During the Old Kingdom Period, the ankh was well known as a symbol of eternal life. The dead were called ankhu and the symbol appeared frequently on sarcophagi and caskets.
Middle Kingdom and New Kingdom Period
The word ’nkh became associated with mirrors, from the Middle Kingdom Period onward. The Egyptians believed mirrors were magical and used them in divination. An ankh-shaped gilded mirror was found in Tutankhamun’s tomb. The Egyptians believed the afterlife was a perfect reflection of life on earth – a mirror image. During a particular festival, called the Festival of Lanterns, the Egyptians would light oil lamps to create a night sky of stars on earth to mirror the stars in the sky and the afterlife. When they did this, it was said to help them commune with the dead who had passed on the Fields of Aalu or Field of Reeds.
During the New Kingdom, the ankh was used in ceremonies and became associated with the cult of Amun. During the Amarna period, images of Aten the sun-disk often contained ankhs at the end of the sun’s rays.
Knot of Isis
The Tyet, or Knot of Isis, is very similar to the ankh. The arms of the cross are bent downward, differentiating the Knot of Isis from its counterpart, but it similarly means life or welfare. Sources claim the Tyet combines the concept of life and immortality with the knots which fasten mortal life to earth. To savor immortal life, the knot purportedly needs to be unraveled.
The symbol is used by modern Pagans as a symbol of faith, in healing and to promote psychic communication. It is viewed as a symbol of life by various new age religions. Thelemites, followers of the religion created by Aleister Crowley, also make use of the ankh as a union of opposites, a symbol of advancing one’s destiny or of divinity.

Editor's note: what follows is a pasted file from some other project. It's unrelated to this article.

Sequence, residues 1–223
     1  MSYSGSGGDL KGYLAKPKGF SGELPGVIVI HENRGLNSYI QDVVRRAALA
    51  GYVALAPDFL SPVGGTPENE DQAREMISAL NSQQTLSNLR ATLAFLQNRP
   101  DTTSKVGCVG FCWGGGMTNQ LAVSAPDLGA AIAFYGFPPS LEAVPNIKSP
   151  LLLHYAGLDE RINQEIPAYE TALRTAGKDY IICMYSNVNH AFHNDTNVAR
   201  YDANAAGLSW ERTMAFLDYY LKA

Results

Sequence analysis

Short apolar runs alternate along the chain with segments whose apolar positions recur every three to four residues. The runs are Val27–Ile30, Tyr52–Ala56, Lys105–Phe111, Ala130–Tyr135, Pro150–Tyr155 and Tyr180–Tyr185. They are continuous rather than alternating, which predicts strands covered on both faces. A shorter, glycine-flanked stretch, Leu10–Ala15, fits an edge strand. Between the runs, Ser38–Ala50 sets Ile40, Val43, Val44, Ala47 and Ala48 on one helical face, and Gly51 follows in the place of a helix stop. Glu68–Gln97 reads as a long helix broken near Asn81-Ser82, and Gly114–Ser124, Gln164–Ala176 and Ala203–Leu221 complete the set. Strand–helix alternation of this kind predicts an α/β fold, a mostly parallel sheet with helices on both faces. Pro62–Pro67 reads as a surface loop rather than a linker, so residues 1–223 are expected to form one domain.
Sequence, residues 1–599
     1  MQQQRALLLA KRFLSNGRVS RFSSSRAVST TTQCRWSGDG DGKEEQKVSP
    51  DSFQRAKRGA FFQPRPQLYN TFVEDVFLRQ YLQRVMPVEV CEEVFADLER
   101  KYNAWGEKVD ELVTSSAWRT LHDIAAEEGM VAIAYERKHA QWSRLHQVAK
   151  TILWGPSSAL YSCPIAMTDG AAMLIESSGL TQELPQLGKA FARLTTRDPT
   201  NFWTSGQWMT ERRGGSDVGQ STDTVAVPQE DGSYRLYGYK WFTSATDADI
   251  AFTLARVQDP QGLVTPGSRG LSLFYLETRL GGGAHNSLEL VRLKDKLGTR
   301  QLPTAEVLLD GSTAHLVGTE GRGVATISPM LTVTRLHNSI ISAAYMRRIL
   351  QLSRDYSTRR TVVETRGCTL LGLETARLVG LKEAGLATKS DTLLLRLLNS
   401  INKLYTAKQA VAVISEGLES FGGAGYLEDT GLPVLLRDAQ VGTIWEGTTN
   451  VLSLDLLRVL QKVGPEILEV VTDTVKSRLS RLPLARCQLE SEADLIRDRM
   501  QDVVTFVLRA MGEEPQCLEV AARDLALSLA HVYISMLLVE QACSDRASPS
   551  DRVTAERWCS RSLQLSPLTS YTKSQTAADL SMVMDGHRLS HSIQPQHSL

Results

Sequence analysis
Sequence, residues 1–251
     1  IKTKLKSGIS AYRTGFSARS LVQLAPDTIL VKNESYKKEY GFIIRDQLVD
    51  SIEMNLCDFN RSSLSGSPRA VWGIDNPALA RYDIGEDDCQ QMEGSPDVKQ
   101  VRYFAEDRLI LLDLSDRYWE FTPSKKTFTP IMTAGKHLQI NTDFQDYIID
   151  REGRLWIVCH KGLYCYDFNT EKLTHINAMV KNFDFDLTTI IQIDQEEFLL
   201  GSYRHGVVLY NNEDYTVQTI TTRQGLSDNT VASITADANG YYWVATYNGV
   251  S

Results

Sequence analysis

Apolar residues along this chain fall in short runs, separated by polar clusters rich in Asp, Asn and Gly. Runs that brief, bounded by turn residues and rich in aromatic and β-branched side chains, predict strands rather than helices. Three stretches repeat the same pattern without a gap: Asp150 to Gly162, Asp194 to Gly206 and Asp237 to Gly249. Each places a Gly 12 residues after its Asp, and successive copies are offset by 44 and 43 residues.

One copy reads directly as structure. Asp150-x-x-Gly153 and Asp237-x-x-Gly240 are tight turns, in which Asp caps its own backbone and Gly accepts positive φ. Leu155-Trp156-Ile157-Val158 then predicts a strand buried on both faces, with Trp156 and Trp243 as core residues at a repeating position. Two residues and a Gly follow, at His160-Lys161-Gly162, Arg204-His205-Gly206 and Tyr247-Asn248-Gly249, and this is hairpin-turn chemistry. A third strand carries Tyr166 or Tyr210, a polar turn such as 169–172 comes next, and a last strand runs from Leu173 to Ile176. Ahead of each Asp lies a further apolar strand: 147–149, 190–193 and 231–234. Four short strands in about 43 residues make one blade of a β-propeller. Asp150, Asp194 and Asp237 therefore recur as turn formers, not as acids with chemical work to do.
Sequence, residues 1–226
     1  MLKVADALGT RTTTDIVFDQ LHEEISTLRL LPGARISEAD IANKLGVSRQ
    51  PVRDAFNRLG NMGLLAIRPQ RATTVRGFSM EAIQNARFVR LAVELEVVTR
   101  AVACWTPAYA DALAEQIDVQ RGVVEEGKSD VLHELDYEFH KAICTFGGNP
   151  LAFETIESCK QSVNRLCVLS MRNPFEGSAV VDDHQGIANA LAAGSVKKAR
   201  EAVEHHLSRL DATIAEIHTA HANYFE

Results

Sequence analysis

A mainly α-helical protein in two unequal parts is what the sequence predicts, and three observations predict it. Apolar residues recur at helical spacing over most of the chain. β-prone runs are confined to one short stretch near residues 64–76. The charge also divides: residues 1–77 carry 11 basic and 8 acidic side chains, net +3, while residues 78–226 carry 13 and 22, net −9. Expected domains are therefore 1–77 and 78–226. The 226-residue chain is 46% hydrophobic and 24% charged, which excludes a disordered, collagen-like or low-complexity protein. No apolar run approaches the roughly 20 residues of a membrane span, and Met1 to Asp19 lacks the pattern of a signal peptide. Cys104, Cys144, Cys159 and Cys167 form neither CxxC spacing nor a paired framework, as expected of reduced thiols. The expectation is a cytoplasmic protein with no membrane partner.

“Anubis was the guardian of all kinds of magical secrets. In the Papyrus Jumilhac, he appears as the leader of the armed followers of Horus. His ferocity is a match for the violence of Seth. In magical texts of a similar date, Anubis is named as ‘Lord of the Bau’. Whole battalions of messenger demons are under his command. In the magical papyri dating to Roman times, Anubis acts as the main enforcer of curses. The gracious deities of the cult temples are scarcely recognizable in the pitiless gods and goddesses encountered in everyday magic. (…) A story in Papyrus Jumilhac (c. 300 BC) explains the custom by relating how Seth once turned himself into a panther after attacking the body of Osiris. Anubis captured and branded the panther, creating the leopard’s spots. The jackal god decreed that leopard skins should be worn by priests in memory of his victory over Seth.”
~ Geraldine Pinch, Egyptologist